UPDATE: An arrest has been made in the disappearance of “Miller,” Heidi Fleiss’ missing bird, the Nye County Sheriff’s Office confirms. The bird was thought to possibly be the victim of predation earlier this week. According to social media reports, Miller has been returned home and is safe. WATCH for updates on pvtimes.com or on the Times’ Facebook page.
A $10,000 reward offered by Pahrump resident Heidi Fleiss will go unclaimed, it appears.
Fleiss, a self-described birdkeeper, extended the money to anyone who could provide the whereabouts and safe return of one of her many exotic macaw parrots located on her 40-acre bird sanctuary on the far north end of town.
She sorrowfully lamented that her macaw named “Miller”, which she had owned for many years, was likely the victim of a predator near her sanctuary.
Macaws are categorized as a group of long-tailed colorful parrots that are popular in aviculture circles or as companion parrots, such as the case with Fleiss.
Some of the species can live as long as 50 years.
“It’s really difficult for anybody to feel and understand that connection,” Fleiss told the Pahrump Valley Times. “With the $10,000 reward, I thought someone would come forward with information. I know that he was killed by a coyote. Macaws don’t soar like birds of prey and he was just learning how to fly. Most likely my alpha bird Ernie went after him and he got caught up in that windstorm and probably landed and attracted a coyote. That bird loved it here and he would never leave here, ever.”
Additionally, Fleiss said Miller displayed a very peculiar personality whenever visitors dropped by her sanctuary.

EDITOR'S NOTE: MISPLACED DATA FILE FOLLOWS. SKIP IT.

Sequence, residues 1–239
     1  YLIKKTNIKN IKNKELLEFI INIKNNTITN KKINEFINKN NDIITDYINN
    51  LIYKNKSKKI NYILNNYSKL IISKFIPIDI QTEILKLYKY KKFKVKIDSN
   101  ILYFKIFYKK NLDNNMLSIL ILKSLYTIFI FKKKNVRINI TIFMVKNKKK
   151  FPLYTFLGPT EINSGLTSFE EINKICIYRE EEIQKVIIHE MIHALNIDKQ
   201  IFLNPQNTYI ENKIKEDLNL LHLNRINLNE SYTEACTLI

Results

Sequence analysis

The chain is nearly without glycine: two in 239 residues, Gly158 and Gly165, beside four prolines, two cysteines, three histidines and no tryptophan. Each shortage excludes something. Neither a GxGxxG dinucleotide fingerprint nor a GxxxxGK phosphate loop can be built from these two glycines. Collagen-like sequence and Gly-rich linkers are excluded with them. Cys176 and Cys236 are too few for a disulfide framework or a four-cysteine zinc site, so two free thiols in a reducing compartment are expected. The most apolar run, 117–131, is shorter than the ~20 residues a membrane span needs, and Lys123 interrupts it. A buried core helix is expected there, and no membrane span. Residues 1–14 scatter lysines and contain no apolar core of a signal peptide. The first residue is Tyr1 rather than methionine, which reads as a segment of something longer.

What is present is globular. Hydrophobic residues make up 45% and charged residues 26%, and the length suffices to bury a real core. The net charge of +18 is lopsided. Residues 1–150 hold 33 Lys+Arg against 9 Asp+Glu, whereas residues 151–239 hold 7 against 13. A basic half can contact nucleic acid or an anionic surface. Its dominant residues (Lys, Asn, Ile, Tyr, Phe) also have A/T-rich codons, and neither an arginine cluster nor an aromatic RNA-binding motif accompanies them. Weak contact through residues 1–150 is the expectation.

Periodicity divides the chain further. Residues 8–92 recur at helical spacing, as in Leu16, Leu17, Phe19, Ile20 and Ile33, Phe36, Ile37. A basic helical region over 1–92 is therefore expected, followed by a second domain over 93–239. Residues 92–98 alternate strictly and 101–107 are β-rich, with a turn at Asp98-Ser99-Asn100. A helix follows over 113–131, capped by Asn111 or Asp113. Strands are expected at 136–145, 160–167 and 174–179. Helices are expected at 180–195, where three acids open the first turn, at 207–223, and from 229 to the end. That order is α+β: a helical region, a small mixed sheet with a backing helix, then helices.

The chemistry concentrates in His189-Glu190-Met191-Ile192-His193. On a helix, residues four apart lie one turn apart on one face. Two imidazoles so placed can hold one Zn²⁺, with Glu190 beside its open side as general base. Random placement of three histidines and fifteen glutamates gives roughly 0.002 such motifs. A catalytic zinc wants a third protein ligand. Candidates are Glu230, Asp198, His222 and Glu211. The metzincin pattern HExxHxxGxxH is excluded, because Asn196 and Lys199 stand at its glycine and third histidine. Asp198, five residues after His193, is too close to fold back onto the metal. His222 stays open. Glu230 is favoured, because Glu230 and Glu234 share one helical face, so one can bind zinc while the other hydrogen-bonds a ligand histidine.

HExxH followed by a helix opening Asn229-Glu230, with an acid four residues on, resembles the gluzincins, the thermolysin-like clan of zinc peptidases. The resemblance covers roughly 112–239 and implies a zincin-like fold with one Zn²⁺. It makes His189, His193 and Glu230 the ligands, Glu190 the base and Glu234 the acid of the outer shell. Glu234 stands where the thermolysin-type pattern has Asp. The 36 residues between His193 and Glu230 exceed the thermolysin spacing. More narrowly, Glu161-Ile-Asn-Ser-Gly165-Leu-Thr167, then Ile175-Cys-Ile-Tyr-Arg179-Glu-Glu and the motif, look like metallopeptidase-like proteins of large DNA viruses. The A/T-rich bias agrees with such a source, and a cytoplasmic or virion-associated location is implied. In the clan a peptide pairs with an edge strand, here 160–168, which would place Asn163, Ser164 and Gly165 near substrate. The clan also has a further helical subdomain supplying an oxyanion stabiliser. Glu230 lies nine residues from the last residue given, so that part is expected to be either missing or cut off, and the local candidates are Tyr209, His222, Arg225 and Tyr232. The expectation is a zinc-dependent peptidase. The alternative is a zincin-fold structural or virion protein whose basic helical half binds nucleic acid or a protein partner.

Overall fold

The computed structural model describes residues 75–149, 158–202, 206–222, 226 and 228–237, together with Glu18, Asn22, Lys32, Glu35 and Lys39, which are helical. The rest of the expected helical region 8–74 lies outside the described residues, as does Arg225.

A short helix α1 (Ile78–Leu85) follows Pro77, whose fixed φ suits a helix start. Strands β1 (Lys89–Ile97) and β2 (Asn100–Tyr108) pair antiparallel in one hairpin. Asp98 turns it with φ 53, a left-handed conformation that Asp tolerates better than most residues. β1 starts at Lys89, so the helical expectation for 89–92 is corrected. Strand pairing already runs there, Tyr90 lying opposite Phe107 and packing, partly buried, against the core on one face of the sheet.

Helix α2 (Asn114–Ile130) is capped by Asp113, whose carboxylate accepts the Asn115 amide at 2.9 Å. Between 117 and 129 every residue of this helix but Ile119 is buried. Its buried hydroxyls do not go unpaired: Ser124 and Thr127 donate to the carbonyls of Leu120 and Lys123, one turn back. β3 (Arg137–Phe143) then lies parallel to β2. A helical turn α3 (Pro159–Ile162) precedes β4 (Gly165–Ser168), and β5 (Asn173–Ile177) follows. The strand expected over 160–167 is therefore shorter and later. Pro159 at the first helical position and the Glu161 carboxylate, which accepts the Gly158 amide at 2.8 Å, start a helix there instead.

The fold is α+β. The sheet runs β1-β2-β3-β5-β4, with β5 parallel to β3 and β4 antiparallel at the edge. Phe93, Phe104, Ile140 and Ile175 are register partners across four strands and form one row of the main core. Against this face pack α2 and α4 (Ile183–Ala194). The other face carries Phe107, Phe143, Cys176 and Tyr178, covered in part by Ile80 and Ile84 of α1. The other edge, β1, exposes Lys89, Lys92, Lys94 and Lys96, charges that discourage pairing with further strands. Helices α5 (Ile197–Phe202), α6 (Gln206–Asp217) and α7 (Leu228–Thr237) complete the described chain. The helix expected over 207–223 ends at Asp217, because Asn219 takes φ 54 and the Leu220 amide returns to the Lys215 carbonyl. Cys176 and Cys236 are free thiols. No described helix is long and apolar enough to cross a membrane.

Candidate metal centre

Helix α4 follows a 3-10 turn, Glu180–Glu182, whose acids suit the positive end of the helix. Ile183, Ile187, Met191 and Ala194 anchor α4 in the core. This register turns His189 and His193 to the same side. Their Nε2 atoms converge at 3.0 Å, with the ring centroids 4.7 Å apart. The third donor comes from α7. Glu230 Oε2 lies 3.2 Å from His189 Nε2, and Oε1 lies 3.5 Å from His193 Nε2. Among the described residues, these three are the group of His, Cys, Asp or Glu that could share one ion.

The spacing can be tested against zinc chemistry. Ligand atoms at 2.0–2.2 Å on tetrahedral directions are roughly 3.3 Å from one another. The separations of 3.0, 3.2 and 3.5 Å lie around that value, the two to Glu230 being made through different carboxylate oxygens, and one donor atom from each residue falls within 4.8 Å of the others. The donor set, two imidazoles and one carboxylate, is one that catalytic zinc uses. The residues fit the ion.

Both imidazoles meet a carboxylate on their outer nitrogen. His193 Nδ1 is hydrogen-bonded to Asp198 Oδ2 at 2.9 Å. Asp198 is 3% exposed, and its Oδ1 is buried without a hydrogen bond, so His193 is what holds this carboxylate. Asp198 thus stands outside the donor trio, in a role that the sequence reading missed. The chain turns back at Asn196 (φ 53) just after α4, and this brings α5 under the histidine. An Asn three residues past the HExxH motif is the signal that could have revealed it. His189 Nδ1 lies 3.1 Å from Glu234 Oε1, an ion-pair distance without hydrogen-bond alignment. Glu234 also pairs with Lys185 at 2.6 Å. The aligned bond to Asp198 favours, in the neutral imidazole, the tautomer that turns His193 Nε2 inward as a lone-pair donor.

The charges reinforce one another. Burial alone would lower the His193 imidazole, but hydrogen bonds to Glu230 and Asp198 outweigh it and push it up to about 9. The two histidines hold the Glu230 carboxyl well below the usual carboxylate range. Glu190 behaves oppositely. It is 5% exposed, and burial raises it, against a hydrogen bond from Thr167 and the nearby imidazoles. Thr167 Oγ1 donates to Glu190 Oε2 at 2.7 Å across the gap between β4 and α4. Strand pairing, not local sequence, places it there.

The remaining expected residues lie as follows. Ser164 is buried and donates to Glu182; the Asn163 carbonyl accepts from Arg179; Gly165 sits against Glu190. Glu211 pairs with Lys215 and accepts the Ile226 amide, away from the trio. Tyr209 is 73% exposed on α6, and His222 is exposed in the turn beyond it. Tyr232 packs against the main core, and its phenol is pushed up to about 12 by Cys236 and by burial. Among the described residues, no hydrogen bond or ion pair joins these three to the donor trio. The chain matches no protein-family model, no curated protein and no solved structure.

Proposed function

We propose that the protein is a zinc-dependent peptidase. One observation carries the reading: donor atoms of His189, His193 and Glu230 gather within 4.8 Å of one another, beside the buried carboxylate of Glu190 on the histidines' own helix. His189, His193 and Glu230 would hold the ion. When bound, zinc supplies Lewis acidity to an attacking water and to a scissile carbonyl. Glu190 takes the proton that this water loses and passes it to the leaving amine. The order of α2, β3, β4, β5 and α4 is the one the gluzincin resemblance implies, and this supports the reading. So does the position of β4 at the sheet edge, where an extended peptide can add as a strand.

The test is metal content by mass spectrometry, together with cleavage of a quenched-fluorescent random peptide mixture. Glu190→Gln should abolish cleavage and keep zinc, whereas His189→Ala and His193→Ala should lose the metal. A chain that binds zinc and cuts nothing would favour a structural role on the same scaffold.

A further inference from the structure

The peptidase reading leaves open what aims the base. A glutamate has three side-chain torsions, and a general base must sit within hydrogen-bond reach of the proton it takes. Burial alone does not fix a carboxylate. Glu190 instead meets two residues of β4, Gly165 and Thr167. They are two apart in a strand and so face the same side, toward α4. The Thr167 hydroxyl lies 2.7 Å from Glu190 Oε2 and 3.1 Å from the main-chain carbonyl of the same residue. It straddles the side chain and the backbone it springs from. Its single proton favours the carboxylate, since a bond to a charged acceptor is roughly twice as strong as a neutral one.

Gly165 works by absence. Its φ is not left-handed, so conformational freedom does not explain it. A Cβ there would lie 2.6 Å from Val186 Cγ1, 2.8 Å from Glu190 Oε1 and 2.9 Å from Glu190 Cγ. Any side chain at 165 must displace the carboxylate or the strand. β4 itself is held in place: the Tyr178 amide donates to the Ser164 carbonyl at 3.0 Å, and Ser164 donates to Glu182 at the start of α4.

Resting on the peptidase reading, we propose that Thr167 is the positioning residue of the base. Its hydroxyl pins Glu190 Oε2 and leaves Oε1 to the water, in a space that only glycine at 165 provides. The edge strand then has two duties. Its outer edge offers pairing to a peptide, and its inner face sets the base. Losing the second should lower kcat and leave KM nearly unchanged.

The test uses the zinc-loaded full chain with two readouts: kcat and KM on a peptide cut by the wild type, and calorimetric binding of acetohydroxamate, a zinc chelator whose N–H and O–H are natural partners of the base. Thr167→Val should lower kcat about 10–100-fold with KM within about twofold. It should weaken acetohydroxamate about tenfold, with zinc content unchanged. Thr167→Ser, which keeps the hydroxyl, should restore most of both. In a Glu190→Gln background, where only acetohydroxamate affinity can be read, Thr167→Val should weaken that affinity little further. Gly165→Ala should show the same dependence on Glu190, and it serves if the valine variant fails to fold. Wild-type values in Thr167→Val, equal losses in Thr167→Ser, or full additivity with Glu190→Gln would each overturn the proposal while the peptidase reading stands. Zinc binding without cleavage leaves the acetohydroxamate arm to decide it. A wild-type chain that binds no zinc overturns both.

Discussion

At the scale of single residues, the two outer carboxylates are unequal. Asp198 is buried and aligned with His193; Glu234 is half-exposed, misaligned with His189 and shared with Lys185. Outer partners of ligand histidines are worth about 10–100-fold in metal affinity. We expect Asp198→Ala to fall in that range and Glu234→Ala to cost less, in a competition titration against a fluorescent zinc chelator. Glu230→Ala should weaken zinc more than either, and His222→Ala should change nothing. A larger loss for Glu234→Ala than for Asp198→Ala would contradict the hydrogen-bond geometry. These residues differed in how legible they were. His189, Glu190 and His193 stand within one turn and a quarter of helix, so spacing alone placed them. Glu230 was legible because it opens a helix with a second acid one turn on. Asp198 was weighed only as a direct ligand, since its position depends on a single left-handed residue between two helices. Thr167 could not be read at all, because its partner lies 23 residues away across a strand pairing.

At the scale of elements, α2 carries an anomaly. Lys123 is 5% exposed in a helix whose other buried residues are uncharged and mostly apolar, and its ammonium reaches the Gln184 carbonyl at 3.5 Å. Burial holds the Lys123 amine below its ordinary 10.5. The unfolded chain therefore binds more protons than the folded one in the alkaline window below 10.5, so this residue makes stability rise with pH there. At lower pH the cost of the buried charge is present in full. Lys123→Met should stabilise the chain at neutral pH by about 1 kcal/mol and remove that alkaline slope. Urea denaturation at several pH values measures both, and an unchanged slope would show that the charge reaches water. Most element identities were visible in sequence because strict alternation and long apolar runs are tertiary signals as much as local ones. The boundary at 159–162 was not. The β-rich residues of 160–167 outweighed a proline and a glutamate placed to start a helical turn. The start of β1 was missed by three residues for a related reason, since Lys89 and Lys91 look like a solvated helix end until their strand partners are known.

“People who come over knew Miller because he bites, he yells and he’s a horrible pet, but that was his own personality,” she said. “With me, he was fine but with anybody else, he was awful. To be honest, I would pay a lot more to get him back. He was really a rambunctious bird and I loved him so much. He really knew his way around. Out on my property and if I’m out in the desert, that bird would walk out and find me.”
Fleiss also spoke about the curiosity and popularity of the macaws in terms of how willing individuals want to get a “human’s-eye” view of the creatures.
“People pay thousands of dollars to take a guided trip around the equator to see them flying in their natural habitat,” she noted. “The highlight of Disney World’s Animal Kingdom show is when the macaws come free-flying over them, because when you see them flying over you, it makes you feel good. Here, people can do that without paying $20,000.”
Further, Fleiss also said she wants to thank the community for their respective support for her sanctuary over the years.
“I’m so grateful that the community has embraced the ones that fly around and looks out for them,” she said. “There’s two of them who fly around all over and the community and I don’t want to encourage people to take them. To have the community to be so supportive, and love them is really cool.”
For additional information on Fleiss’ sanctuary, visit her social media site on Facebook entitled Heidi Fleiss Bird Keeper, or logon to her website at https://heidifleiss.com.
Fleiss also urged those interested in her mission to visit the website madamemacaw.com.
Contact reporter Selwyn Harris at firstname.lastname@example.org. On Twitter: @pvtimes